Reversing brain damage in former NFL players

June 14, 2011

A recent study performed at UC Irvine School of Medicine has implications for anyone with traumatic brain injury. Thirty retired NFL (American Football) players were enrolled in the study; they all suffered from brain damage with cognitive impairment. NFL players were chosen because they commonly suffer from multiple concussions – a form of minor traumatic brain injury.

The study was an open label pragmatic clinical intervention at a outpatient neuropsychiatric clinic. The patients were given supplements known to have neuroprotective effects. Fish Oil capsules (has brain anti-inflammatory effects and helps restore health to the entire terrain of the brain), a high-potency Multiple-Vitamin, Mineral Supplement (ie, B complex vitamins enhance neurotransmitter activity), Gingko biloba and Vinpocetine (both enhance blood flow to and metabolism in the most intellectually advanced regions of the brain), ALCAR and Huperzine A (promote acetylcholine activity and the creation of energy), ALA (improves metabolism and is a powerful universal antioxidant), and NAC (rescues the Cystine Glutamate antiporter to prevent excitotoxicity of neurons – overstimulation that destroys brain cells); all for six-months on average.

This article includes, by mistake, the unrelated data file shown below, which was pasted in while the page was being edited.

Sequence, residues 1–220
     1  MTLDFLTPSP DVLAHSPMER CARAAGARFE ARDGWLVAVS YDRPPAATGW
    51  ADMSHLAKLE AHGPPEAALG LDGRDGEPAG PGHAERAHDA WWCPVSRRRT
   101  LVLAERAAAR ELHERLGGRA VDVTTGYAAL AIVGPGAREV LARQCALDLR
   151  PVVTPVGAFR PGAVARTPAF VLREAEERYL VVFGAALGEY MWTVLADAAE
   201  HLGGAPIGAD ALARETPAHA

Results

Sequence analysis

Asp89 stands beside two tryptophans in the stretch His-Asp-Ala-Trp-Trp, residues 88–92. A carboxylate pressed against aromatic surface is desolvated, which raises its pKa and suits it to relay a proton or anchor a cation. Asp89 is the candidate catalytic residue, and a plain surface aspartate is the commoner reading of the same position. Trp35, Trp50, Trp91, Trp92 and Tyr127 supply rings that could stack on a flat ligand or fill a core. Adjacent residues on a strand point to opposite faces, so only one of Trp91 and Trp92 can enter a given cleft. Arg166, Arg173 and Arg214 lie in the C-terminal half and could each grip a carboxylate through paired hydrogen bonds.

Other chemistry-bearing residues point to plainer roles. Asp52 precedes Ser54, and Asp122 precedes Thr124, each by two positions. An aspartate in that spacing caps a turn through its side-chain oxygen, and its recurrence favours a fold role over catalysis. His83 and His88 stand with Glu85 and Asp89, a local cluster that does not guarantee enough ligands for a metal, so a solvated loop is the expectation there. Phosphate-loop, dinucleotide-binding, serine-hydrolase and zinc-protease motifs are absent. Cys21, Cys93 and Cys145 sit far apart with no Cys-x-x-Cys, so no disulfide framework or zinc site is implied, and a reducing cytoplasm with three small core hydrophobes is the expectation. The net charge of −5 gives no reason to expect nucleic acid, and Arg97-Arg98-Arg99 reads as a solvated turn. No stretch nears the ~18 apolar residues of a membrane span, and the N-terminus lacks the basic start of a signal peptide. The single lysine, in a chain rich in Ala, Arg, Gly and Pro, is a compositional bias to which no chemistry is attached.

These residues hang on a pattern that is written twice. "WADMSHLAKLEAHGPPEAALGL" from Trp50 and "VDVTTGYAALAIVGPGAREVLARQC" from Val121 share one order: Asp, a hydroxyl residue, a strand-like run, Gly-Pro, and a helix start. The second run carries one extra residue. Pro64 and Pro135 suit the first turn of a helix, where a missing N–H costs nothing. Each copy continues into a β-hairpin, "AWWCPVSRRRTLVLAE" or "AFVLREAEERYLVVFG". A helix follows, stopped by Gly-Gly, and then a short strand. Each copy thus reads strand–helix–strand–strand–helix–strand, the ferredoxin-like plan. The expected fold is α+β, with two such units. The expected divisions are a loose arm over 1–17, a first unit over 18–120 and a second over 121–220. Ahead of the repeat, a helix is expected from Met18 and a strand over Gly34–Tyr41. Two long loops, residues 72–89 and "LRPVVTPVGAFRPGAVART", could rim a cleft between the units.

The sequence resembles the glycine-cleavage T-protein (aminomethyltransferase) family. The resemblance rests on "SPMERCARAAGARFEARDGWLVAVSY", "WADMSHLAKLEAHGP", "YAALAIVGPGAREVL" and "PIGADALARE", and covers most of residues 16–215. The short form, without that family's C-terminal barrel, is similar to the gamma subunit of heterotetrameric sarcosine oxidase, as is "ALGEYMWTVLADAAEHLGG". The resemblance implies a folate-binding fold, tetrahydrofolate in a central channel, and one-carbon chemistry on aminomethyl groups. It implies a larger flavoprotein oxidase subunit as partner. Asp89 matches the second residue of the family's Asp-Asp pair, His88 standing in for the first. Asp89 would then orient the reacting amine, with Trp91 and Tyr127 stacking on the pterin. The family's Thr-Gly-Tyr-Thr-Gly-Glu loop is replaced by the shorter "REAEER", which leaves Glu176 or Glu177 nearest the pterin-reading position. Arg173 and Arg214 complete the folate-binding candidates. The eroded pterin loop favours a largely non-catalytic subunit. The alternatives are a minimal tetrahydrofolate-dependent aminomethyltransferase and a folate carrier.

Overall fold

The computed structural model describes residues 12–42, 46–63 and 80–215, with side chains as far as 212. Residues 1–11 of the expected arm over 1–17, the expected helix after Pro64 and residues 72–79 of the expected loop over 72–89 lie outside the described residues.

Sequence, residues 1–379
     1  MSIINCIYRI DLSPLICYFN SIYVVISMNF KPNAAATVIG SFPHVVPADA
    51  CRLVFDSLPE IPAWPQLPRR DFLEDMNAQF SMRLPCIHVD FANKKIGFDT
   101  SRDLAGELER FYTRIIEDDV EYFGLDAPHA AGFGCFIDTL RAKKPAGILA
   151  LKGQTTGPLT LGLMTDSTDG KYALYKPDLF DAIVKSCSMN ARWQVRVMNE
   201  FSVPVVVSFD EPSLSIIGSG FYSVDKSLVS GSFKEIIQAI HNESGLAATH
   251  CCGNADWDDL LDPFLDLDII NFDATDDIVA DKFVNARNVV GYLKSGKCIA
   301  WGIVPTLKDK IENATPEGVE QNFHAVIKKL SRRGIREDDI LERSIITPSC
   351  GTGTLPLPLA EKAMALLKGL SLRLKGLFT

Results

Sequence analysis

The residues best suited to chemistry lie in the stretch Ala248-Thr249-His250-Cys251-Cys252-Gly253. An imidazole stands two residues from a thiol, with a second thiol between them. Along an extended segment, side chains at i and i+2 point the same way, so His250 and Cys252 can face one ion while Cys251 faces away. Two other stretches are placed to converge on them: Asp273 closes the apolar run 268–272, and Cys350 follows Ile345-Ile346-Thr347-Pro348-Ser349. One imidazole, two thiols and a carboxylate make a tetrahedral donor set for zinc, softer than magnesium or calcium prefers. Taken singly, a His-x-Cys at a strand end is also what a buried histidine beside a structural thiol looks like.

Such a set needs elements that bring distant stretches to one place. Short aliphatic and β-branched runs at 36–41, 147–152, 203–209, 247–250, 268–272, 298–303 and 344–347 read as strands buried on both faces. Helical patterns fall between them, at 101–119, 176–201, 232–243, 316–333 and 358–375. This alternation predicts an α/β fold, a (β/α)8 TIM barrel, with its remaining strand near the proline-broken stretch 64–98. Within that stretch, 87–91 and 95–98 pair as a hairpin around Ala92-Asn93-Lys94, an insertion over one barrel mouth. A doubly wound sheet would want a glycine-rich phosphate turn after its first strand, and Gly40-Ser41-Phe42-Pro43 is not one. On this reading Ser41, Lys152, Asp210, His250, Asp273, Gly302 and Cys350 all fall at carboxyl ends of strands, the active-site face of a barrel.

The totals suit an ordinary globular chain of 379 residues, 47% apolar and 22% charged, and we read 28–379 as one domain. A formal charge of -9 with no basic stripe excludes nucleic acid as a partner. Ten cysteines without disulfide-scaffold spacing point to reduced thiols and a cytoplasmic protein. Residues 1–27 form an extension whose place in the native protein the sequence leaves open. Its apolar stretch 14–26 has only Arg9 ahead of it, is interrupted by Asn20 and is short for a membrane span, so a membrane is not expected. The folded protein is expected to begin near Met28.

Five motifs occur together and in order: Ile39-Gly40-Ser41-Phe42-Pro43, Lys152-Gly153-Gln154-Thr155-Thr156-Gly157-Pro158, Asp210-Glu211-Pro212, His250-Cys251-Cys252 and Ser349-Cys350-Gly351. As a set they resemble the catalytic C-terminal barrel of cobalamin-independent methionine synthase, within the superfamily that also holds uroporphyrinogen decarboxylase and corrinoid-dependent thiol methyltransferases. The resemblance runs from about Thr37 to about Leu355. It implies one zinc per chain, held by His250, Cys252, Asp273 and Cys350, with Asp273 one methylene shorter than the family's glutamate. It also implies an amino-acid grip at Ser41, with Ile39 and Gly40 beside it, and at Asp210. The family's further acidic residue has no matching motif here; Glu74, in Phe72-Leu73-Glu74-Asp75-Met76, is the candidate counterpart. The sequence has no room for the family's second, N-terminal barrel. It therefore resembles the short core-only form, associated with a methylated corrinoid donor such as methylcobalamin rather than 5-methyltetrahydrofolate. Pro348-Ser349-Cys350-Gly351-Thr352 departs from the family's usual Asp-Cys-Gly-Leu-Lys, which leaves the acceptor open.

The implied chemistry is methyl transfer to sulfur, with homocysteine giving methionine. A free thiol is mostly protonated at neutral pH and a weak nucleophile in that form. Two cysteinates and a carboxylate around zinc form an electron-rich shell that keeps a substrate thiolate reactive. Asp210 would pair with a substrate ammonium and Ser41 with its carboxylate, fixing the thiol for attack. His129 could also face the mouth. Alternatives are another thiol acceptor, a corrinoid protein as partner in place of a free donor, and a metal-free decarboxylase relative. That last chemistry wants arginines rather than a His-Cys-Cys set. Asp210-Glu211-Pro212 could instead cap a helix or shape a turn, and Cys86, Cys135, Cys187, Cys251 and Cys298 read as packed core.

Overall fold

In the retest situation, corrected for practice effect, there were statistically significant increases in scores of attention, memory, reasoning, information processing speed and accuracy on the Microcog Assessment of Cognitive Functioning – a timed sensitive cognitive test.

A SPECT Scan is a nuclear scan using gamma rays that gives a 3d model of an internal organ; in this case the brain. All participants had brain SPECT scans. As a group with the SPECT scans, they showed increased brain perfusion, especially in the prefrontal cortex, parietal lobes, occipital lobes, anterior cingulate gyrus and cerebellum. This study demonstrates that cognitive and cerebral blood flow improvements are possible in this group with multiple interventions. The study was published in the January 11th, 2011 issue of the Journal of Psychoactive Drugs.